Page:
It’s so interesting, this silly paradox of emotion. We lock away our secret selves in an attempt to protect ourselves, but what winds up happening, is we only throw tiny shards of ourselves out there for the world; these measly little bits and pieces that do not represent us accurately. It does us a disservice to withhold so much of ourselves out of fear of not measuring up; of somehow having deficiencies that outweigh our amazing-ness. (Yes, it’s been a while since I interjected some Holl-ebonix, but I knew you were all jonesing for a fix…;))

So Miranda*, a friend of mine I’ve had for the last several years, said something to me very recently amid a torrent of self-depreciating tears. It’s not an unfamiliar principle, nor is it something we haven’t already explored, but the fact that it seems so pervasive, only adds to the cogent nature of the statement. She said she didn’t know if anyone knew what she really was–all the mistakes she’d made and all the flaws she bore–if any of them would still love her. Really? I mean, don’t get me wrong I totally get what she’s saying, but I’d like to think the people closest to me have more to them than just some superficial appreciation of me. That they love me for all of me.

Here’s hoping that people won’t define me based on my greatest flaw; that I won’t be remembered for my most significant deficiency or my worst mistake.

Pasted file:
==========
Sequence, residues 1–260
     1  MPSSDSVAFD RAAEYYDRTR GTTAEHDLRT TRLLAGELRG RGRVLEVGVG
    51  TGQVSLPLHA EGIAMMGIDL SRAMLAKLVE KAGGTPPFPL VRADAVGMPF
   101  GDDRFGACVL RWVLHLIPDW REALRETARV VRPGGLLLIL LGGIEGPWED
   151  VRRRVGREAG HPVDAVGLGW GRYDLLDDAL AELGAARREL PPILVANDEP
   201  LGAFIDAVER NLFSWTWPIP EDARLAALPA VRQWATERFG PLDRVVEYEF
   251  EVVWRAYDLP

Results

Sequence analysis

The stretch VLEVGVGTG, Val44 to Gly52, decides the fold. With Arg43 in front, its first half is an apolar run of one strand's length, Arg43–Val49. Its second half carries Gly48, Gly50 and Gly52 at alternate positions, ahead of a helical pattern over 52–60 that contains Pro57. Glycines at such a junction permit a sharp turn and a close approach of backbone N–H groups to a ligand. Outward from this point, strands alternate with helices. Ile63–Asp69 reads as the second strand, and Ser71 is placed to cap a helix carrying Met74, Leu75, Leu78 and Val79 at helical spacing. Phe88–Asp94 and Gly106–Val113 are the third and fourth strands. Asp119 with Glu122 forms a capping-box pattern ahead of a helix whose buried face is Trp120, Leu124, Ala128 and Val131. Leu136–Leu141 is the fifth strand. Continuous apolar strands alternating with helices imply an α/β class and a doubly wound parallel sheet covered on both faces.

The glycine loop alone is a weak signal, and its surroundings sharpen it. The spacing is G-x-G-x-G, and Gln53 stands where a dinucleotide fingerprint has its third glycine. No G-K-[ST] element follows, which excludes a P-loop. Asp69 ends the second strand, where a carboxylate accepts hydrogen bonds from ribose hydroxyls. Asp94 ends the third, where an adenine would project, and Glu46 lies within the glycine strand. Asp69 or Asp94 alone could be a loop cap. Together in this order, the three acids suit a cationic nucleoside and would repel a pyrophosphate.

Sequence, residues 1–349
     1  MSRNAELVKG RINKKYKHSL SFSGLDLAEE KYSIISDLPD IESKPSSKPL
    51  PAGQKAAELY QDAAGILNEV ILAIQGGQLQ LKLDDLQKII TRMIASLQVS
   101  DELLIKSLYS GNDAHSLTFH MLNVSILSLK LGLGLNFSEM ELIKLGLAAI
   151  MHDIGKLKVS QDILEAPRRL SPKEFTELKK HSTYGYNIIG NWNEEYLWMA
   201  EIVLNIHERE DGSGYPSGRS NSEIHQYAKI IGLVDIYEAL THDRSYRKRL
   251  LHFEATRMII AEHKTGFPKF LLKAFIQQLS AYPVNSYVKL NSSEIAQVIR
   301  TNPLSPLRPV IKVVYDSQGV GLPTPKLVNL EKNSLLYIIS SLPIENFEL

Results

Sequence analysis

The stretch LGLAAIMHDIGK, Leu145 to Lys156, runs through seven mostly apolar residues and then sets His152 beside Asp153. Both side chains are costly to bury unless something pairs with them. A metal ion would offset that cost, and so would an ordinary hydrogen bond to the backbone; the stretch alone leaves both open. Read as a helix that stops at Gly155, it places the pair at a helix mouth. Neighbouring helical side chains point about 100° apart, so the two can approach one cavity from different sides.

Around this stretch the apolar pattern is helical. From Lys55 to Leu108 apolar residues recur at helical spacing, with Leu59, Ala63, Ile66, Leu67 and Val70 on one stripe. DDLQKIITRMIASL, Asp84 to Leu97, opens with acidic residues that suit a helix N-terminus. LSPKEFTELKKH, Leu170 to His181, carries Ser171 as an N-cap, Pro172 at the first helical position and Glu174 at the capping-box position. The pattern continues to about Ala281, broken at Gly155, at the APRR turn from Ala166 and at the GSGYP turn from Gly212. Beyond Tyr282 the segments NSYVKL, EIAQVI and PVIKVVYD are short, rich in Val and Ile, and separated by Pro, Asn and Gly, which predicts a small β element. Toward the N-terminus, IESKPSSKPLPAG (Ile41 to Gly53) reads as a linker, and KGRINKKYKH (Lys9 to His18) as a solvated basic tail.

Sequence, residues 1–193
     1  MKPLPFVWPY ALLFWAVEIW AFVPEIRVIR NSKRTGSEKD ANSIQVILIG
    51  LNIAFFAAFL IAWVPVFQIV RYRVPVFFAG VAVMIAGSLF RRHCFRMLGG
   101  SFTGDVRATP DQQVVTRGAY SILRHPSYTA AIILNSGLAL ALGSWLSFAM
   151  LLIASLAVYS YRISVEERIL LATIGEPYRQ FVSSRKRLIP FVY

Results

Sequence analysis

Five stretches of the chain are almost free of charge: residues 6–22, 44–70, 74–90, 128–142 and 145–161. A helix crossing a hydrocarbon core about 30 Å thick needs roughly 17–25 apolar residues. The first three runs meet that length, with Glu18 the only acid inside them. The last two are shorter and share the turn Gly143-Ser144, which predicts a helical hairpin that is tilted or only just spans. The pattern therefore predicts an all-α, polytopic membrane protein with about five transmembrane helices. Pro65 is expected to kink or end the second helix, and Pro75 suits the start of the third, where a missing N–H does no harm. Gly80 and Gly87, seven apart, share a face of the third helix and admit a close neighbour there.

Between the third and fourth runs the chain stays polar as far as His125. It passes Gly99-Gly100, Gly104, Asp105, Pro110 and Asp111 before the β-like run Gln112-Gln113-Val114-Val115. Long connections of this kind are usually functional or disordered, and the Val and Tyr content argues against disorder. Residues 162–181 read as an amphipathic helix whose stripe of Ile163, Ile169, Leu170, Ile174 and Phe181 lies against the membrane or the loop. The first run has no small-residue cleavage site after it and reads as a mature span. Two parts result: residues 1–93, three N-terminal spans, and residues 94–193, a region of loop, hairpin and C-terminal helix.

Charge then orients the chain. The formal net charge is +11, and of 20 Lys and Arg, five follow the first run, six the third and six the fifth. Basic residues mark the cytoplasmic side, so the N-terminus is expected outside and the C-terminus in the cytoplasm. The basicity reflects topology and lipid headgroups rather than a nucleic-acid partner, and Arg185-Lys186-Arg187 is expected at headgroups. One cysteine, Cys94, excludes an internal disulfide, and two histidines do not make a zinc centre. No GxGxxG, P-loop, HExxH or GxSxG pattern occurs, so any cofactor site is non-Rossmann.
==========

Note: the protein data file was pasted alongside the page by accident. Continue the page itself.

Can y0u imagine if your name was forever linked to the fact that one time in the ninth grade you shoplifted? Or if people always associated you with the time you picked on a kid at school? I mean don’t get me wrong; these things are certainly not things to be proud of and actions that are harmful to others are likely to have a lasting impact on both them and you. The point of life is not to achieve some level of flawlessness and to live steeped in self-loathing and regret when that’s not achieved, but rather to grasp each opportunity for progression and affirmation as they present themselves, to reach out to those around us by first loving ourselves. It’s an invaluable lesson and an effective tool in building deeper, more enduring relationships with the people around you as well as healing the internal rifts caused by years of self-neglect and derision.

It’s kind of like when the flight attendant cautions you to not leap to the aid of those around you until you’ve first secured your own breathing mask. Wise words from the friendly skies.

This is, undoubtedly, easier said than done. I’ve been pretty blunt regarding my own inability to ease up on self-criticism. To give you an idea of just how insidious it is, I remember in the first grade attending parent teacher conference with my parents and listening intently as my parents discussed my scholastic progression with my teacher. My parents used a phrase that was then echoed by my teacher. I had never heard it until then, but it has chided me with regularity since:

“Hollie is her own worst enemy.”

Wow, I remember thinking at the ripe-old age of six. That doesn’t sound good.

No, Holl. It doesn’t.

It think it’s difficult not to scrutinize our actions and achievements and to often find ourselves lacking. In a world where a person’s worth is often measured by their resumes and people are constantly garnering respect and admiration by burning themselves at both ends, it can be challenging to remind ourselves that we’re each composed of something greater. That we’re more than our accomplishments and likewise more than our shortcomings.

To remind ourselves that as human beings, we’re good enough–sans resumes.